Spanish and Hispanic Studies
Spanish is the world’s second most widely used language, surpassed only by English in its international popularity. Third in mother-tongue speakers, behind English and Mandarin, Spanish has a unique international presence, with 450 million native speakers. It is the official language of 20 countries in Latin America, Europe and Africa. Spanish is also spoken by 53 million people in the United States, meaning that one-third of the citizens of the North American free trade area speak Spanish as their first language. In Miami, Mexico City, Panama City, Buenos Aires and sometimes Los Angeles, Spanish is the language of business. It is the language of classical guitarists and bullfighters in Seville and Granada, of academic research in Madrid and Lima, of arts festivals in Bogotá, Guadalajara amd Havana. In Spanish you can talk to Puerto Rican salsa dancers, Ecuadorean coffee farmers or Costa Rican resort owners; you can ask for directions in cities from Santiago, Chile to San Antonio, Texas to New York. The greatest playwrights of the 17th century wrote in Spanish, as have some of the greatest novelists of the 20th and 21st centuries. Whether spoken by the Arab populations of early medieval Spain, in the Philippines, in Indigenous communities from Paraguay to Guatemala, or among Africans in Equatorial Guinea or Western Sahara, Spanish has been shared and developed above all by people of colour who have defined the Spanish language as a zone where different cultures mix.
The Spanish and Hispanic Studies Program offers enriching options for students with no previous Spanish, as it does for those who have taken high school Spanish, or for near-native speakers. Beginners start with SPAN*1100, those with Grade 12 Spanish start with SPAN*2000, while native or near-native speakers may choose to enroll directly in our lively advanced courses on the literatures and cultures of the Spanish-speaking world. Students are also encouraged to gain firsthand experience of a Spanish-speaking country through the University of Guelph’s exchange programs.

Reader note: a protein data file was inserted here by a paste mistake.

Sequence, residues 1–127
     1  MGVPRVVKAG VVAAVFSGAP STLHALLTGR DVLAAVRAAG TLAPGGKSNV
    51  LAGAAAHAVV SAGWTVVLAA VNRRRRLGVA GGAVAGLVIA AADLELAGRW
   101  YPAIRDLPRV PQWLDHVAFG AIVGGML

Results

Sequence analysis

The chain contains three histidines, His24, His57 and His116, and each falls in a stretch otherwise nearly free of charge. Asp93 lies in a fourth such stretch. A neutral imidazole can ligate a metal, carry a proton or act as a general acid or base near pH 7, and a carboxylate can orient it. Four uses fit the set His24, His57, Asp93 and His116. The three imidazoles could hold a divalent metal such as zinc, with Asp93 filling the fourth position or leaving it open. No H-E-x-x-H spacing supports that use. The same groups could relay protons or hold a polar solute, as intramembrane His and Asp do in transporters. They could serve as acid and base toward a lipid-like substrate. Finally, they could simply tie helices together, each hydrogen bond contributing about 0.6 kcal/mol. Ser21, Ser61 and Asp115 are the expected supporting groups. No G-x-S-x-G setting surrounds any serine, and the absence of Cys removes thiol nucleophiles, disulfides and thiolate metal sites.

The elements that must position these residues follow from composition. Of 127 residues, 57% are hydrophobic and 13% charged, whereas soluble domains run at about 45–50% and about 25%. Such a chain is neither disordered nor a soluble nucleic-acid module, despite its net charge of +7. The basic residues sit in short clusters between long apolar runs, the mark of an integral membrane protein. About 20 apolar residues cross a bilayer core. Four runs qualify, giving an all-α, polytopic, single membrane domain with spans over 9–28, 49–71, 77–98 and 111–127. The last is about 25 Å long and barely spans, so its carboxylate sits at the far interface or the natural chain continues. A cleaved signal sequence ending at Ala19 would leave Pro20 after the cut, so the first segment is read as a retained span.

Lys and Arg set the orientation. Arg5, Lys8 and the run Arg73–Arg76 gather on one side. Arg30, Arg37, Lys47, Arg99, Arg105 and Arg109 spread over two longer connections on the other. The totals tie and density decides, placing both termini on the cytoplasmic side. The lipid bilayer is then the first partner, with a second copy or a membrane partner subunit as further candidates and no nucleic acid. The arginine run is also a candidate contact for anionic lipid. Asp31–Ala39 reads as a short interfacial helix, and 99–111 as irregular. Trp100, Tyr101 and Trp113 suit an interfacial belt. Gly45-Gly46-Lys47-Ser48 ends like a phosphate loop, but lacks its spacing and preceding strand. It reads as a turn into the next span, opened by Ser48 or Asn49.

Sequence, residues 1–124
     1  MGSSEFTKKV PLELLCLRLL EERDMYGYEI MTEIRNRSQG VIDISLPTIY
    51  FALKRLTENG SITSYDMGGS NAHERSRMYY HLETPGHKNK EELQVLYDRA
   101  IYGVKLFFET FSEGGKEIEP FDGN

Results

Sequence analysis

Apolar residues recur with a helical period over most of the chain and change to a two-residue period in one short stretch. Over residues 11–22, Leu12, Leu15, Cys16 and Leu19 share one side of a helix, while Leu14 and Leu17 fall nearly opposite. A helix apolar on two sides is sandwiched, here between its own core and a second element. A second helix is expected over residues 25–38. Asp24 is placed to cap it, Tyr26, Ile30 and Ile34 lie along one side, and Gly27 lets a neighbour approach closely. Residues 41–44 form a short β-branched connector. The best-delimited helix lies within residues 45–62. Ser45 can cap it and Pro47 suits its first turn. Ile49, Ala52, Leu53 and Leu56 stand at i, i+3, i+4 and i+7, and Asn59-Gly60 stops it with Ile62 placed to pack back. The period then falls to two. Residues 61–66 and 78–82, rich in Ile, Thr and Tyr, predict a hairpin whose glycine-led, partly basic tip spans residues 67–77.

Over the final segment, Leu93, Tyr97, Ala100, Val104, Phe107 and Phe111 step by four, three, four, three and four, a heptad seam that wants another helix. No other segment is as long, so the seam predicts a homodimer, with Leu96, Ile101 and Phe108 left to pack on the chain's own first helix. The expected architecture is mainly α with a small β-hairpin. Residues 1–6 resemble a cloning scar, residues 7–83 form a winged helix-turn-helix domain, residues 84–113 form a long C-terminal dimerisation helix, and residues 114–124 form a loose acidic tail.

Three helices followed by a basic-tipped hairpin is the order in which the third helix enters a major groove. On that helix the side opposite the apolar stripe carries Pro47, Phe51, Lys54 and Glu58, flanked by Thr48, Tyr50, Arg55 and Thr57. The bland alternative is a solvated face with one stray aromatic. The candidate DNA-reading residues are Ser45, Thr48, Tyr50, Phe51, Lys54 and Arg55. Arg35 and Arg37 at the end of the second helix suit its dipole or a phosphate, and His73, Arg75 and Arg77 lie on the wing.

Requirements for a major or minor in Spanish
Language courses focus on the structure of the Spanish language, vocabulary acquisition, linguistics, composition and translation. Emphasis on interculturality and development of speaking and listening skills are achieved through small seminar groups in first and second year language courses. Courses in Latin and in Linguistics are recommended to complement tthe study of the Spanish language. The fourth-year one credit course, SPAN*4500 focuses on the theory of translation translation and on the development of translation skills from Spanish into English and vice versa. Students work with a variety of texts from multiple fields, including journalism, business, science, and literature.
Students who take advantage of Guelph’s exchange and semester abroad programs are usually fluent in the language when they return.
The required courses in the area of culture and civilization provide an introduction to the rich and diverse Spanish and Latin American cultures as manifested in their society, institutions, history and artistic development. Cultural topics are taught through lectures, films, music, seminars, and assigned readings.
Literature courses are topic oriented. Various theoretical concepts are introduced, with an emphasis on textual analysis. Students are trained to think critically and to communicate their thoughts effectively through in-class presentations and discussions, in seminars and in research papers.
Spanish and Hispanic Studies Faculty
Faculty members have diverse academic backgrounds and expertise in various fields of Spanish language, literature and culture. The faculty members are committed to excellence in teaching. By combining their research efforts with effective pedagogical strategies they work together to create an atmosphere in which critical thinking, dialogue, and respect and appreciation of the rich Hispanic language and culture are encouraged.
For further information, please contact the Head of Spanish and Hispanic Studies, Professor Stephen Henighan (firstname.lastname@example.org).